Adult dragon shedding.

Adult dragon shedding.

Shedding in Bearded Dragons

Bearded Dragons and other reptiles will shed their skin as they grow. This is a natural occurrence. Babies and juveniles will shed a lot more than adults because they are growing rapidly, while adult dragons should only shed once or twice per year.

Signs of Shedding:

Bearded dragons' skin color will dull and become a more grey color and their eyes will become slightly puffy before they begin to shed. This is normal, and it is a sign of a good healthy shed cycle.

How to Care for a Shedding Dragon:

During the shedding cycle, you will want to ensure your dragon stays hydrated and clean with regular bathing with warm water. Keep a spray bottle close with warm water to mist your dragon's cage at least once a day to keep the humidity up because this will help make the shed cycle go faster. In the wild, there is higher humidity that helps the dragon shed their skin while in the tank you are keeping the humidity low.

Should You Try to Help Your Dragon Shed Its Skin?

Some owners have the urge to 'help' their dragons shed by pulling off the loose skin but this can cause pain and damage to new scales under the old ones! When the skin is ready to come off it should literally be falling off your dragon or fall of when touched. Do NOT pull on any shedding skin that is damp or wet, or shows resistance to the pulling as this is what can cause damage and pain to your dragon because it is not ready to come off yet.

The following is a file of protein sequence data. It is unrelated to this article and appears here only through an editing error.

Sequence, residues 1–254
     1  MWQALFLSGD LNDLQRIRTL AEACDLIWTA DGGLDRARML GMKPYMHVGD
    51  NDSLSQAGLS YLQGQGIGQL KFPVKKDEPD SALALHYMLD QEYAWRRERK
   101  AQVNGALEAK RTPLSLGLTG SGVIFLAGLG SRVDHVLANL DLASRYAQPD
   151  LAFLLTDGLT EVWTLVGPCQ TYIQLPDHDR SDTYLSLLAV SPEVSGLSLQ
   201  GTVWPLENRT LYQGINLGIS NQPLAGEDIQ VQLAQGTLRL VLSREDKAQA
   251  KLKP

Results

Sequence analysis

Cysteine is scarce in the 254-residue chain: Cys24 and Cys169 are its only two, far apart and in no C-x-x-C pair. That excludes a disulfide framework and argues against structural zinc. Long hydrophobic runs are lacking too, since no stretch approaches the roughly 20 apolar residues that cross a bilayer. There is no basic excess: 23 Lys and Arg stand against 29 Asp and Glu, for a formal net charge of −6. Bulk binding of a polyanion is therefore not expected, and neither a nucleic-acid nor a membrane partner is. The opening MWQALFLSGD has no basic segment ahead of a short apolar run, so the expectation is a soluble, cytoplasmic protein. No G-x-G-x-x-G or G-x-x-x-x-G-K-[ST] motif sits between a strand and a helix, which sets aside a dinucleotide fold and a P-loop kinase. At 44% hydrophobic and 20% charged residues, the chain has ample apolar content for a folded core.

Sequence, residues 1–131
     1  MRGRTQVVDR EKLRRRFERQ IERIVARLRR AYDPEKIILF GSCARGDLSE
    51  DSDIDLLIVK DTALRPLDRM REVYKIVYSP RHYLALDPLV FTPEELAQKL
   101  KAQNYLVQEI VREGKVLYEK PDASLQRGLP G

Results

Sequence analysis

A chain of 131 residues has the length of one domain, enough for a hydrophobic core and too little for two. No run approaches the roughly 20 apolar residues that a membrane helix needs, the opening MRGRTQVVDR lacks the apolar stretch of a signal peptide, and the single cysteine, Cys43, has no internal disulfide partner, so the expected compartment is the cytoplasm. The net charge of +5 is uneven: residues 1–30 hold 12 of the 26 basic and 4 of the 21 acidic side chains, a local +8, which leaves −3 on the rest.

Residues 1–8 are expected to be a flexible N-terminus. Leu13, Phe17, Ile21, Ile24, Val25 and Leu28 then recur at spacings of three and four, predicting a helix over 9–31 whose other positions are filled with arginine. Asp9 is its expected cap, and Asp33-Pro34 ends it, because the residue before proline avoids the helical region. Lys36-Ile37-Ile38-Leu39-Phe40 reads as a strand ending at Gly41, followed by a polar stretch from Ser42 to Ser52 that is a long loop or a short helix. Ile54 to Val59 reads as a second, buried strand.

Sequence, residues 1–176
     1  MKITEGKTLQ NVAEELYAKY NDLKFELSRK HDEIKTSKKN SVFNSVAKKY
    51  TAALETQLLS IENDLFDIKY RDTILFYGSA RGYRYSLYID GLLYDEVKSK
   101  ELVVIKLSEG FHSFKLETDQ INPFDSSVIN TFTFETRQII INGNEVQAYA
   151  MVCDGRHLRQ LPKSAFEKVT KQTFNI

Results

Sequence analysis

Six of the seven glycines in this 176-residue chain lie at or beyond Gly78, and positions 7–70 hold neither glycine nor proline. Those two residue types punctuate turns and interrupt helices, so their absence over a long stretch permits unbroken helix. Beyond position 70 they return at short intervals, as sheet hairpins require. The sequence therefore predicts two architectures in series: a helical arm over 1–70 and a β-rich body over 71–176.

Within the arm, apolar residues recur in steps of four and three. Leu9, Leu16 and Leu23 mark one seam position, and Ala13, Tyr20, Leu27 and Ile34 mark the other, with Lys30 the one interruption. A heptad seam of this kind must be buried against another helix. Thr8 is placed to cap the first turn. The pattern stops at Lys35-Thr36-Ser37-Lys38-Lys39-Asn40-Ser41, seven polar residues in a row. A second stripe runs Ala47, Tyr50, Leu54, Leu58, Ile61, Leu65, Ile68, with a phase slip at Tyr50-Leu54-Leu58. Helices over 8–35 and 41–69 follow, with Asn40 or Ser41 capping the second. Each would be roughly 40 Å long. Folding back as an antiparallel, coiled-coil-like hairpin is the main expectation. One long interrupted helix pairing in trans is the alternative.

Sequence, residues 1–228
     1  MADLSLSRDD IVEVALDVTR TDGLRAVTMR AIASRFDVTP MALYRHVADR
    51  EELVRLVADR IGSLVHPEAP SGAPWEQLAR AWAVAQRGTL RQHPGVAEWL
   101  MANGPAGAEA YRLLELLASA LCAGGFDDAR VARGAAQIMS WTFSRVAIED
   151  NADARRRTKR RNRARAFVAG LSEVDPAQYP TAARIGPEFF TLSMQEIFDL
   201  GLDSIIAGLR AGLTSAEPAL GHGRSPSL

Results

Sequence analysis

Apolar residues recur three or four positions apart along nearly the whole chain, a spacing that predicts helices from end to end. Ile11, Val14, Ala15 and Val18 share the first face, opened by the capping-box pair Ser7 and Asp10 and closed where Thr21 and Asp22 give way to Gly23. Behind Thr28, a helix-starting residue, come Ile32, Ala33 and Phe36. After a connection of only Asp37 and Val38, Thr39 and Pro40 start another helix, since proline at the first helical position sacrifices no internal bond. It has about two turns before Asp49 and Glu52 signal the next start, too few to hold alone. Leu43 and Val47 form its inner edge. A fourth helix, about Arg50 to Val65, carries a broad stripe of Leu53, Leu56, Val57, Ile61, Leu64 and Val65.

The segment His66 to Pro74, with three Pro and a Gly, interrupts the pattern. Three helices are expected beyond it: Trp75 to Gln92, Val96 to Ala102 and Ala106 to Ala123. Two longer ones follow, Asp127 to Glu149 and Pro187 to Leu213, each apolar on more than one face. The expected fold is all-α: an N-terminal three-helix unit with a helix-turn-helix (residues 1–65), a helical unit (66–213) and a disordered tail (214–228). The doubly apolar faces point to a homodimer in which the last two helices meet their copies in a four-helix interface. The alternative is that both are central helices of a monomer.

How You Can Help a Shedding Dragon:

You will need to watch the tip of your dragon's tail, and their toes and spikes on their beard to make sure they are able to get all the skin off. These are the most common problem areas and it is not as easy to get off as the rest of the body. This is where it IS recommended that you assist your dragon with shedding if need be. You can help by gently rubbing the problem areas while bathing your dragon and keeping the problem areas damp and working the areas on a daily basis to promote shedding and until the skin comes off.

Abnormal Behavior in Dragons

Below are some of the most common problems to watch out for, some may be fixed by simply making sure the lighting and temperatures are right while other issues will need to be checked by a certified vet.

Impaction (Constipation) in Bearded Dragons

Dragons need to have a semi-regular bathroom schedule, if you notice your dragon hasn't had a bowel movement in several days but is still feeding regularly, then it could be a problem. The longer your dragon goes without a bowel movement, the more serious the problem.

How to Help a Constipated Dragon:

You can usually solve this problem by giving your dragon a warm bath for about 10-15 minutes and massaging their belly gently. This should help their constipation if it was due to them being too cold. Dragons need heat to help digest and move food through their body, so a cold dragon might have bowel complications. However, if your dragon still does not have a bowl movement within 24 hours of the warm bath, you will need to get it to a vet as soon as possible because this could be a major blockage that can cause long term problems or even kill your dragon.

Note: Using sand as a substrate can increase the chances of your dragon becoming impacted if ingested.

Diarrhea in Dragons

A change in diet, bad food, or even stress can be the cause of your dragon having diarrhea, but this should not last for a long period of time. A dragon's stool should be solid but if you notice runny stool for long periods of time, they might have a case of parasites or worms. If you notice this, you should have your dragon checked by a vet.

Dehydrated, lethargic and weak dragon.